What is sit-and-stare?

Sit-and-stare is the act of forcing an opt-out student to sit and do absolutely nothing for 3 consecutive hours on six separate days while other students participate in the NYS tests. This could legally be considered a mild form of child abuse in some life situations, but some school districts have still insisted on enforcing this practice. I strongly object to this practice.

Have administrators and teachers been sympathetic to the movement?

Some administrators and teachers have been very sympathetic to the movement and some have also been extremely active in the movement. Recently, we have heard some teachers publicly announce that they refuse to administer the state tests this April. Other teachers and administrators regularly speak at public meetings explaining the harmful ramifications that excessive high-stakes testing is causing in the classrooms.

Nationally, there have been reports of administrators resorting to intimidation to persuade parents to comply. As an activist here in Buffalo, have you encountered such attempts?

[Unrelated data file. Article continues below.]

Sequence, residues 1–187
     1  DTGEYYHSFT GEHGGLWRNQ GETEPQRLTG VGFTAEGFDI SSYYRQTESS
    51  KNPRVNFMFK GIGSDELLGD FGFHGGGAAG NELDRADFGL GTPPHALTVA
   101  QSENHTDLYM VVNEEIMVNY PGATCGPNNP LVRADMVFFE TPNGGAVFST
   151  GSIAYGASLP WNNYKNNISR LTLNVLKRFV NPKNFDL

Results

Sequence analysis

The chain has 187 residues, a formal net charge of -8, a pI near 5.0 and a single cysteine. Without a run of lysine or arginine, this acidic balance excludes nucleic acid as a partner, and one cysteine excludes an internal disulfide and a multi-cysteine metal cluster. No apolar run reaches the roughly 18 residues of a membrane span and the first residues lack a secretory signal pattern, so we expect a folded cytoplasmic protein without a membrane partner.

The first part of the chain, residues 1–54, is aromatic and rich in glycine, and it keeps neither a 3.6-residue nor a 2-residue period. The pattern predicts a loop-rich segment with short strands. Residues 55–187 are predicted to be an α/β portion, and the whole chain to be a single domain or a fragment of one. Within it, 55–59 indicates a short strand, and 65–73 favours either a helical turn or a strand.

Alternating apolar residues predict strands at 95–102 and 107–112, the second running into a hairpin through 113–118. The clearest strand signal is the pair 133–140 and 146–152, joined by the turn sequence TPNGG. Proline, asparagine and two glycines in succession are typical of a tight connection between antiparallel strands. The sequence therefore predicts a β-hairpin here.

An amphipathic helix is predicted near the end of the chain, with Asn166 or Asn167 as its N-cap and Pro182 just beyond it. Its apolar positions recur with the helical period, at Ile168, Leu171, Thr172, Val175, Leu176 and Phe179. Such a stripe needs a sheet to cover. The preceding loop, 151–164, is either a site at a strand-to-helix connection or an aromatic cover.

There are other administrators and teachers, however, that are not supportive of the movement. Last year in the Western New York area there were a few school districts that enforced the abusive sit-and-stare policy as a way to try to discourage parents from opting-out. However, it backfired on these administrators because it angered parents and even more parents opted-out.

I’ve read there were around 60,000 refusals on the math assessments last year. Have you seen area legislators taking notice and taking action?

Legislators have certainly taken notice of the large amount of refusals. Many are taking action against high-stakes testing and Common Core. Several bills have been proposed at the state level that would make positive change. One has recently been introduced by Assemblyman James Tedisco that would make it state law that every school would have to notify parents that they have the right to refuse state tests. It would also outlaw harmful practices like sit-and-stare. This is the type of action that we need.